Families coping with Autoimmune Disease

Families Coping with Autoimmune Disease
by Robert H. Phillips, Ph.D.
An autoimmune disease can certainly have an impact
on the family. It not only affects the individual with the
condition; it also can affect every member of the family.
The way the fam
ily feels about how it affects a loved
one, and the cohesiveness of the family, is very
important. If family members get along well, and they,
like the person with the autoimmune disease, cope
successfully with the disease, this will provide an
important,
solid springboard for progress.
Family members may experience many of the
emotional reactions that the person with an
autoimmune disease does
ranging from anger and
depression to fear of the future or fear of
complications. Sometimes family members re
act more
strongly and possibly even more irrationally than the
person who
s been diagnosed with the autoimmune
disease. There may be more denial on the part of a
family member. There may be guilt, especially on the
part of parents if they feel that they
have somehow
contributed to the onset of the autoimmune disease in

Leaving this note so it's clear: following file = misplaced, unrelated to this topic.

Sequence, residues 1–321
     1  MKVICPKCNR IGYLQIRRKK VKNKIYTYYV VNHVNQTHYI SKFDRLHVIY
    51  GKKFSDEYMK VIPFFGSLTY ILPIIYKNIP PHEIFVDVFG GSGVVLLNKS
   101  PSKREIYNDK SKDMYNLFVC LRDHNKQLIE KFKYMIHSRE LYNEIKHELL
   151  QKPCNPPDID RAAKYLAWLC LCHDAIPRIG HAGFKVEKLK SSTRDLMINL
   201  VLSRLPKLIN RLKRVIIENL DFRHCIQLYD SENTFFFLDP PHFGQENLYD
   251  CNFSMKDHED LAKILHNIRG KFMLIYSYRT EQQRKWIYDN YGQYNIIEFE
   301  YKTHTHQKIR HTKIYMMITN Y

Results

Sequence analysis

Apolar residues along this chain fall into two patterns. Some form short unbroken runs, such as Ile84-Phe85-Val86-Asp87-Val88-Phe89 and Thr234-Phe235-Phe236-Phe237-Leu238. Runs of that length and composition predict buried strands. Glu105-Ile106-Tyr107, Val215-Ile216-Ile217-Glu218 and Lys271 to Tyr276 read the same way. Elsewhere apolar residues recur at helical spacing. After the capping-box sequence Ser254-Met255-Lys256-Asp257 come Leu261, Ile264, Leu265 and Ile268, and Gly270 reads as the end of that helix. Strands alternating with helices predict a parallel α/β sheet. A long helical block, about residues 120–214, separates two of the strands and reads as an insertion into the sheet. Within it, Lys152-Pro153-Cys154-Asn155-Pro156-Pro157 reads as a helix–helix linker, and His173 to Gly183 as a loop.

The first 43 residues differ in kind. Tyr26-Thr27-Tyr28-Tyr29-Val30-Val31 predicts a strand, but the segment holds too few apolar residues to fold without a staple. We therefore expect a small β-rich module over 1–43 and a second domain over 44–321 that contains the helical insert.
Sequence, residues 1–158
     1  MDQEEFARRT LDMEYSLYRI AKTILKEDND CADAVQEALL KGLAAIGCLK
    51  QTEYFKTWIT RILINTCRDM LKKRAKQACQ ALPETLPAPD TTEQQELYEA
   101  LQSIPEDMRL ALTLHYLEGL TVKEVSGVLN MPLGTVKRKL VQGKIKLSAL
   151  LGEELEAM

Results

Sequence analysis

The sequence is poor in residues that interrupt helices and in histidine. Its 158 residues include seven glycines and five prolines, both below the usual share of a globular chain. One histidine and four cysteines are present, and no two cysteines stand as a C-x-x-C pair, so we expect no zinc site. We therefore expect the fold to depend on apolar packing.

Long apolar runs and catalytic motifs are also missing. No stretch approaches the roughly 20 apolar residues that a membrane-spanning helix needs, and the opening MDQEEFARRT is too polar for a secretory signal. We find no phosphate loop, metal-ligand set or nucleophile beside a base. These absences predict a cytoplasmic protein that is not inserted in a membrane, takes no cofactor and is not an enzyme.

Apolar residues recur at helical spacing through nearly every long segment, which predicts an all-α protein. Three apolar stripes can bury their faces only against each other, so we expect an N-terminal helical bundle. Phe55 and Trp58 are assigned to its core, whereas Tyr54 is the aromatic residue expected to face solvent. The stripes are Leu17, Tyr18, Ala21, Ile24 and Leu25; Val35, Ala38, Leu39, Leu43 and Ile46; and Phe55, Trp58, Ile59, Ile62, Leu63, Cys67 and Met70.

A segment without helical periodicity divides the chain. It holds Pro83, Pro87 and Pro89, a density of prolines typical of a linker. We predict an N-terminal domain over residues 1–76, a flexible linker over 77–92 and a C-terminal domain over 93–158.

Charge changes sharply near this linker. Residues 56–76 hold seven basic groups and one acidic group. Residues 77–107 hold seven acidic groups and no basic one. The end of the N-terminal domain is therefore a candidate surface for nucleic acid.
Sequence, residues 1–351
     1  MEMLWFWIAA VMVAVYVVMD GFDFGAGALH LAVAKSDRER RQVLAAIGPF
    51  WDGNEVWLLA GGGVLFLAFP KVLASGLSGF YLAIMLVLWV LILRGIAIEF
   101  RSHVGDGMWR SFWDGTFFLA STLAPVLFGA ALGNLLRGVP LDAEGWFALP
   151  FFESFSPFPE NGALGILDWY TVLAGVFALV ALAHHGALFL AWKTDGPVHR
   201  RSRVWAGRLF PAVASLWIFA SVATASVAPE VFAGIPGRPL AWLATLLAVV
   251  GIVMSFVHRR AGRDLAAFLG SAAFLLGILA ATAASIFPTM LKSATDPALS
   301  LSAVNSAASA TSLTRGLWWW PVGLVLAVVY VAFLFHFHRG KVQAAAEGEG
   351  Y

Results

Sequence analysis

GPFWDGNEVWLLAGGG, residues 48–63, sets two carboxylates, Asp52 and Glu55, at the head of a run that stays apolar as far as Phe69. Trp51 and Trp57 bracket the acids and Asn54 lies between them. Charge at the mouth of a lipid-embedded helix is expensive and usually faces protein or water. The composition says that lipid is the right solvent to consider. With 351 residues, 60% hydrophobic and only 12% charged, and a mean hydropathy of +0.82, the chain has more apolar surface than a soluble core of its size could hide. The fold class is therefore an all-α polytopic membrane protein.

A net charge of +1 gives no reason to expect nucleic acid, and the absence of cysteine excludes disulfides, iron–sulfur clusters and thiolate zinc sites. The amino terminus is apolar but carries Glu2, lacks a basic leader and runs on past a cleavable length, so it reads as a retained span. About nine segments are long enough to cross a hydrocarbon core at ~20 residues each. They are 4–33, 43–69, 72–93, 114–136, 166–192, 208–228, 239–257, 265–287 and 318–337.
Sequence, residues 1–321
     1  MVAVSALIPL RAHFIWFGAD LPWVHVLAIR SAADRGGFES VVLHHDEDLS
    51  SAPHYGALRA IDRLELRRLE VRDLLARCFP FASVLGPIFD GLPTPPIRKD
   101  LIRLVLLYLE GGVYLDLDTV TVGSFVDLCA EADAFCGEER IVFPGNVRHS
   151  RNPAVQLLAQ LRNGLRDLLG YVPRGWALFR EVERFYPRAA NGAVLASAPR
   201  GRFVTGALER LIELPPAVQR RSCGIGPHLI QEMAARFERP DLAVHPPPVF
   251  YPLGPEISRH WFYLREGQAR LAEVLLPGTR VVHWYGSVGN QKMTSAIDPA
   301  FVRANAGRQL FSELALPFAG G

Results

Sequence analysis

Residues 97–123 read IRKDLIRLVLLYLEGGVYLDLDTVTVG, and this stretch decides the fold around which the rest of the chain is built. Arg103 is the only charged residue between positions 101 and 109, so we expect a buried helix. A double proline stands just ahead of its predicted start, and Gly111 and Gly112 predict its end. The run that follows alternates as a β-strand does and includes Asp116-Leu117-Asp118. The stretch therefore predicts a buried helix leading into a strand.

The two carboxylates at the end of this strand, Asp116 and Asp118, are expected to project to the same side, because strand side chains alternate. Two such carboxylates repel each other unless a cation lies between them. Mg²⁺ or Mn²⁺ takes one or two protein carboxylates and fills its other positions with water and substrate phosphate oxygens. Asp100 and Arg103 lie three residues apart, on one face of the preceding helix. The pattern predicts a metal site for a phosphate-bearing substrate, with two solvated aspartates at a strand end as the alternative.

their children.
Some family members ignore or play down the
disease. They often do so because they can
t deal with
it. They may be afraid of its getting worse. They may
feel that they
r
e unable to provide the practical or
emotional support needed. Or they may be unable to
accept the possibility that it might have something to do
with them. Ignoring or denying it may help them not to
think about it, hoping that it will go away.
On the
other hand, there are family members who
think of nothing else besides the autoimmune disease.
They may constantly bombard their loved one with
questions about their symptoms, treatment, and other
activities. They may feel responsible for the person and
believe that they must take total care of their loved
one. They may dwell on this to the extent that they
may appear to be smothering to the person.
Family members should use many of the coping
strategies that the person with the autoimmune disease
uses
to deal with the condition. For example,
education, support groups, and coping strategies are
valuable for all. Let
s discuss some specific suggestions
for ways that family members can improve their ability
to cope with an autoimmune disease.
Have a
family powwow.
Since all family members are
affected if someone in the family is ill, it can be very
helpful for them to be able to share how they feel. A
family meeting and discussion can help you improve